Grandparents are rescuing our children
A GENERATION of children lost in the system is being raised by grandparents because their parents are unfit to look after them.
The state's top Children's Court judge, Mark Marien, said society should thank God for grandparents, who have become the backbone of the state's care system.
"The court is indebted to them," Judge Marien said yesterday. "They put themselves forward because it is in the best interests of the child."
The growth has led NSW Community Services to start to keep separate figures for grandparents.
There are now 3200 children and young people - almost one quarter of all those in out-of-home care - being looked after by their grandparents, step-grandparents and even great-grandparents.
"They are decent people trying to sort out the mess the families get themselves into," Judge Marien said in his first interview since taking over six months ago as Children's Court president.
He said that if the court had to remove a child from its parents, the best place for them was with a family member.
"Often it is the case that the grandparents will put themselves forward," the former District Court judge said.
They step in because of abuse, neglect, domestic violence, mental health problems or because the parents are in jail, Judge Marien said. "A lot of grandparents regard it as a responsibility that they have," he said.
In a revolution for children's justice, Judge Marien is calling for the court to be given its own status separate from the Local Courts. He wants permanent, specialised magistrates instead of those on loan from the local courts for three-year stints.
There are now 15 Children's Court magistrates, after two fresh appointments by the NSW Government.
Judge Marien plans to send magistrates out on circuit to sit on childcare cases around the state for the first time.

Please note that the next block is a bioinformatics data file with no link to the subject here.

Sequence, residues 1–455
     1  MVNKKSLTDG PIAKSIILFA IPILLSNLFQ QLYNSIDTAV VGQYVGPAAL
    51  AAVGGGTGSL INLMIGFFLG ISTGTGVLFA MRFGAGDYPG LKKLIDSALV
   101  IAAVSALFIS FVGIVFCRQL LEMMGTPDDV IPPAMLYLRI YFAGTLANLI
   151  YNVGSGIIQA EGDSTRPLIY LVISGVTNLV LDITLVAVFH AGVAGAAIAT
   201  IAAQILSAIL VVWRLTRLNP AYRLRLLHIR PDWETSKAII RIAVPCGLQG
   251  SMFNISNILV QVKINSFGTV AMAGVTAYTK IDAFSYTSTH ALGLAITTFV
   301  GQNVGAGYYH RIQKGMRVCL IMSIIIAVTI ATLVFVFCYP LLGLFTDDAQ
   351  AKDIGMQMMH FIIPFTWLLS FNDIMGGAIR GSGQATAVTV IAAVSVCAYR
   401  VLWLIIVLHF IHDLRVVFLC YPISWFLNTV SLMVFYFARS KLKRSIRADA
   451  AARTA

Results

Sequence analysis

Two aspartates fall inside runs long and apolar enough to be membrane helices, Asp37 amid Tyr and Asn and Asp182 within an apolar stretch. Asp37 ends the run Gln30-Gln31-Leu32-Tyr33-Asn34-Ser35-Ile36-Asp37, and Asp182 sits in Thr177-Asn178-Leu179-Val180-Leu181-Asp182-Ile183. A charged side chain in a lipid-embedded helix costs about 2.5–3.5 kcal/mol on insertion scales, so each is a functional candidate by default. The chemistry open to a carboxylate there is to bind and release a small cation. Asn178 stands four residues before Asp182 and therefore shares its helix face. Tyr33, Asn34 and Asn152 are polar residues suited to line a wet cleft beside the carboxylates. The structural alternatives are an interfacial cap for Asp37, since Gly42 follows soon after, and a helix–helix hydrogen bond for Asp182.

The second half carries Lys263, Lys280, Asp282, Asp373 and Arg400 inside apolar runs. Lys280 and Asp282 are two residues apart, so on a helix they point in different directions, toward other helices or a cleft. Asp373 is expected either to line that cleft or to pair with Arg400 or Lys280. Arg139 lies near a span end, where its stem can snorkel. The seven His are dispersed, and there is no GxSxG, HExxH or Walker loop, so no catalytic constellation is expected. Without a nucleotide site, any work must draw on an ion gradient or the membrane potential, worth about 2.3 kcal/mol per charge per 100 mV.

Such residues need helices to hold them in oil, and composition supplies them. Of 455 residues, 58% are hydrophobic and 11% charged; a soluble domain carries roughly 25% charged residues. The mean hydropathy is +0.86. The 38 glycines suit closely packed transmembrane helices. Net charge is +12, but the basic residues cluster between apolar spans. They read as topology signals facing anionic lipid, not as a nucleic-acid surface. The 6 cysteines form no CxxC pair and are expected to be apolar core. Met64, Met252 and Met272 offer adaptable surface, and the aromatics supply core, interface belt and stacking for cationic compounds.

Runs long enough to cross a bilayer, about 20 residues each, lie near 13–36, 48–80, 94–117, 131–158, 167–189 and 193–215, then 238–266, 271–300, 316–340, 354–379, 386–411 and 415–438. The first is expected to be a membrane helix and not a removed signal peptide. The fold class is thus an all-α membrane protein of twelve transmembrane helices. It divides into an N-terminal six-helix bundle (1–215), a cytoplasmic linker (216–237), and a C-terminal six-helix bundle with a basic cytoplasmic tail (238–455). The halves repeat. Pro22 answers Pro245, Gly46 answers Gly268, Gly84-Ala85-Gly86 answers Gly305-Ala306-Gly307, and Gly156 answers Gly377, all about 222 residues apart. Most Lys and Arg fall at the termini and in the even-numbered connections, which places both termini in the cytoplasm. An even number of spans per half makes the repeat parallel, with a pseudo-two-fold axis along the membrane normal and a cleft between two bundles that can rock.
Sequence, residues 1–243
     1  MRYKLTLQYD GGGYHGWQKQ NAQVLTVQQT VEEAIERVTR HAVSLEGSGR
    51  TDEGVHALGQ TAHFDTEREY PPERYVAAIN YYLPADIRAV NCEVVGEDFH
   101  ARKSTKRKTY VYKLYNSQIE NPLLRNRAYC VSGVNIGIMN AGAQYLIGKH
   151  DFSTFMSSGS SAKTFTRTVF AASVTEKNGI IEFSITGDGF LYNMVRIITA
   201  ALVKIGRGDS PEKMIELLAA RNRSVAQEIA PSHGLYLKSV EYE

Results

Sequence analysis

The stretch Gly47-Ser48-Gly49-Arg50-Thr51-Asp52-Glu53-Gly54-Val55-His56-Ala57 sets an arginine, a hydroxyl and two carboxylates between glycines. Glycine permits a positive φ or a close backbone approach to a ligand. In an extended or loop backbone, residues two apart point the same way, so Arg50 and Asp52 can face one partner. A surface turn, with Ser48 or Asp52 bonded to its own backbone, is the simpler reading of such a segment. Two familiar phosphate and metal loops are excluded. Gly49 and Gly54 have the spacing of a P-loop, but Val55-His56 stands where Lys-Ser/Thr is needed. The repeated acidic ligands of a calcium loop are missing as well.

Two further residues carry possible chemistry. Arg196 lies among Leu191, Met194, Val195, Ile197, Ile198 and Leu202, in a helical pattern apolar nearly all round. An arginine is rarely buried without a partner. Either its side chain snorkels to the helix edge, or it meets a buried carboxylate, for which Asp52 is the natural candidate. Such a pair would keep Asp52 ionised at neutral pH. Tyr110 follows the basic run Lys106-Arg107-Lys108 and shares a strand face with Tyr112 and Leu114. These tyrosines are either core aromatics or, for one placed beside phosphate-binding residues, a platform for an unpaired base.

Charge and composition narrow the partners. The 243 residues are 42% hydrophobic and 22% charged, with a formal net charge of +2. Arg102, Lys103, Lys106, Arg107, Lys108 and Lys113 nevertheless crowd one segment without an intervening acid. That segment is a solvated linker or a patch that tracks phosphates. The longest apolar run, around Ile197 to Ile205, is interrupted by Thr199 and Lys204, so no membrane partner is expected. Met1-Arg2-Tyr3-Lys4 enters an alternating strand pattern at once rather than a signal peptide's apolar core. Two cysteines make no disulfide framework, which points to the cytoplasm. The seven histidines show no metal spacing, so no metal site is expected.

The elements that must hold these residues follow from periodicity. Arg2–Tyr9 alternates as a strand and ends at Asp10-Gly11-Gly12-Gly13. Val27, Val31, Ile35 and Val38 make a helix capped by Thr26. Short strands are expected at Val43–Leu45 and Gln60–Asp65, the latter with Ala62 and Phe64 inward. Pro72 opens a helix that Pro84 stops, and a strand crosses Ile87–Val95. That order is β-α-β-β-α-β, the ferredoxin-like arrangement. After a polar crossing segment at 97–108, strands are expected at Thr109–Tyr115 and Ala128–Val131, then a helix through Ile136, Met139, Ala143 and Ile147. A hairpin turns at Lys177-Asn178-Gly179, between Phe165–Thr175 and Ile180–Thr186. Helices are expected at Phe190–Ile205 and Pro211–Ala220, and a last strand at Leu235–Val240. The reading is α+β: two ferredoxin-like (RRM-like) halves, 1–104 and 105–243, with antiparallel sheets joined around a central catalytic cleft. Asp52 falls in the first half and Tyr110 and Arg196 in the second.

Care cases involving NSW Community Services and juvenile criminal cases are currently heard outside Sydney by local court magistrates, with the Children's Court called on to help on an ad hoc basis only if the court lists become too long.
"The best way to serve the children of NSW is to have specialist children's magistrates who have a background and an interest in this kind of work," Judge Marien said.
"(It would) reflect the specialist nature of the court and the importance of the decisions the court makes."
As well as more than 14,000 care cases a year - compared with only 6660 ten years ago - the court hears serious criminal cases that would see an adult dealt with in the Supreme Court and which would attract jail sentences of 20 years.
Judge Marien is the first judge to be appointed head of the Children's Court, a position traditionally filled by a magistrate, following recommendations by former judge James Wood in his inquiry into the state's crumbling child protection services last year.
Mr Wood identified grandparents as one of the fastest-growing areas of out-of-home care.
The court's budget of $6.68 million includes an extra $2 million a year to implement recommendations by the Wood inquiry, including the two new magistrates and four extra registrars.
Attorney-General John Hatzistergos has organised discussion about Judge Marien's suggestions.